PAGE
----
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Tarangire National Park

Bateleur eagle in Tarangire National Park, Tanzania.

Best time to visit: July, August, September

Safaris: An Eco Exploration

Activities: Game Walking, Bird Watching

Accommodation: Oliver's Camp, Adventure Camping, Mobile Camping

Day: 20-35° C, 68-95° F
Night: 10-20° C, 50-68° F

An easy drive from Arusha, Tarangire is well worth a visit on its own merits, or as part of a safari circuit including the Serengeti, Ngorongoro Crater and Lake Manyara.

Not only does Tarangire enjoy a year round water supply, but the wildlife also enjoys the protection of the tsetse fly. A blessing in disguise, the wildlife is resistant to the sleeping sickness carried by this insect, but human's cattle and goats are not. Thus this large area of rangeland has been left undisturbed by man and the wildlife has flourished.

The Tarangire National Park is named for the Tarangire River, which flows through the 2,600 square km park, providing a brackish but constant supply of water, even in the height of the long dry season (June-October). Wildlife comes from as far as northern Lake Natron; the water pools are surrounded by herds of wildebeest, zebra, eland, elephant, hartebeest, buffalo and fringe-eared Oryx, often matching the animal concentrations of the more famous Serengeti.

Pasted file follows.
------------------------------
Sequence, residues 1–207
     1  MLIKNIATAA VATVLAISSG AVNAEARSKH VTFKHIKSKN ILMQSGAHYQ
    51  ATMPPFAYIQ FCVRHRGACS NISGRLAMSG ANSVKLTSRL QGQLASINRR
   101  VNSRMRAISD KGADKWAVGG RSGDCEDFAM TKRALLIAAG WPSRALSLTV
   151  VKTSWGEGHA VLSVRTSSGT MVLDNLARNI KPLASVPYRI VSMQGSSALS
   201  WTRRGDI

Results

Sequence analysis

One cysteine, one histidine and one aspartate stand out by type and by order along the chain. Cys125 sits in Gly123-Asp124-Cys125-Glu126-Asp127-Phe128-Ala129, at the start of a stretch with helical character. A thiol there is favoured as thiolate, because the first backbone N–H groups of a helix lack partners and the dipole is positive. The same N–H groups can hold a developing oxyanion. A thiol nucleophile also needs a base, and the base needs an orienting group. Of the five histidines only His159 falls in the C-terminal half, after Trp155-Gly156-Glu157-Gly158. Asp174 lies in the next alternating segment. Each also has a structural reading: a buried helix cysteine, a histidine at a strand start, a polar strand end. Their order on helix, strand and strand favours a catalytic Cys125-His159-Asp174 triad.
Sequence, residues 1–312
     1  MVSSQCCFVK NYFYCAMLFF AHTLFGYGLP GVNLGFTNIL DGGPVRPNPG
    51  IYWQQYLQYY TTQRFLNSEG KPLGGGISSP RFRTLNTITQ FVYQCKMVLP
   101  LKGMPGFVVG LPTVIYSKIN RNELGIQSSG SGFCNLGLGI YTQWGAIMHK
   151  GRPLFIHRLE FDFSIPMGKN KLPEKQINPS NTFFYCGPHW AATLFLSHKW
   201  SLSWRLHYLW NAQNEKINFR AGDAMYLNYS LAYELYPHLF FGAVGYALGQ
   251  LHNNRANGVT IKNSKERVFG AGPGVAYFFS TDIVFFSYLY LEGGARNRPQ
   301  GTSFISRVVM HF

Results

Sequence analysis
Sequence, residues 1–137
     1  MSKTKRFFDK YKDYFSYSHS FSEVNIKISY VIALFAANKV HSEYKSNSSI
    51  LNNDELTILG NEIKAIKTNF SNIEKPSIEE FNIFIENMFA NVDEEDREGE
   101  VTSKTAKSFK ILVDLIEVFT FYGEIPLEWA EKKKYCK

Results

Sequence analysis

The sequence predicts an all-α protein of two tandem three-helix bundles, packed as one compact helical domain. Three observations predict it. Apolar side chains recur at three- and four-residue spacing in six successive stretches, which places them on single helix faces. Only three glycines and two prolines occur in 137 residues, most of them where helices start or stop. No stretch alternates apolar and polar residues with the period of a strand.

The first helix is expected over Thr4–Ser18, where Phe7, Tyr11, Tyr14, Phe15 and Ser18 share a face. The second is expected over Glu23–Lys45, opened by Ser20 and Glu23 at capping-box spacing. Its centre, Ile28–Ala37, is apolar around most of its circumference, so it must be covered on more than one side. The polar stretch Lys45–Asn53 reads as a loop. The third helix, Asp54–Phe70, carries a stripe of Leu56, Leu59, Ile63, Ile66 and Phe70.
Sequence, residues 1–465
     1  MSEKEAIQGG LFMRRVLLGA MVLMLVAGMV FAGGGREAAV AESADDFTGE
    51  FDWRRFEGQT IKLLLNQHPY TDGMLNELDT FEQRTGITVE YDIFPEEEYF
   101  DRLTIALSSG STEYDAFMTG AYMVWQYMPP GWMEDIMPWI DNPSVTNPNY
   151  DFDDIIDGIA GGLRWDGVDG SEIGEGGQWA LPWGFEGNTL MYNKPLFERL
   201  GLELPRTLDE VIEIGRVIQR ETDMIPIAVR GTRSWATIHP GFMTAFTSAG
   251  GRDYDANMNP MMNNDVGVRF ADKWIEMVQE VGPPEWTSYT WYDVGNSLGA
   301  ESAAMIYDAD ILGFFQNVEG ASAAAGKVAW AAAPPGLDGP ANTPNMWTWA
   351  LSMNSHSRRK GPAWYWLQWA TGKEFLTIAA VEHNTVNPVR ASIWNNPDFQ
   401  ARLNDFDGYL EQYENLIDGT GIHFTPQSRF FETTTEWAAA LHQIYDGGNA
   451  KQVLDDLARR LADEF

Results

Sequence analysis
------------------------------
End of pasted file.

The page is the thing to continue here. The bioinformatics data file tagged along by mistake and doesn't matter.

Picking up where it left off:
The animals share the water with an abundant and remarkably diverse bird population, such as Fischer's lovebirds, green wood hoopoes, go-away birds, hornbills, kingfishers and cuckoos. In fact, Tarangire boasts the highest recorded number of bird breeding species for any habitat in the world!

In the northern part of the park, undulating yellow-brown hills fill the horizon, with giant, baobab trees in profusion. The hills slowly give way to open grasslands, flat topped acacia trees and thick, 'black cotton' soil that cracks into deep ravines in the dry season. Baboon, hyena, lion, leopard and warthogs are abundant.

The grasslands turn into woodlands, which then open out into the Larmakau area of swampy grasslands, the Tarangire River's floodplain. Tinged by shades of green even in the height of the drought, this lush area is home to famous tree climbing pythons, indolent hippos wallowing in the mud, buffalo, giraffe, wild dogs, kori bustard and ostrich.

In the southern reaches of the park, the swamp slowly dries, leaving only scattered pools of glittering water on the open plains. Surrounded by flocks of crowned cranes, Egyptian geese, storks and hammerkops, these pools are the tiny green oases in the midst of an endless plain of waving brown grass.

History shows that the water supply was also a draw to man, if not his cattle; a visit to the Barabaig tribe's ancient Kolo rock paintings is an excellent introduction to Tarangire's ancient culture.

Copyright Melinda Rees of Eco-resorts

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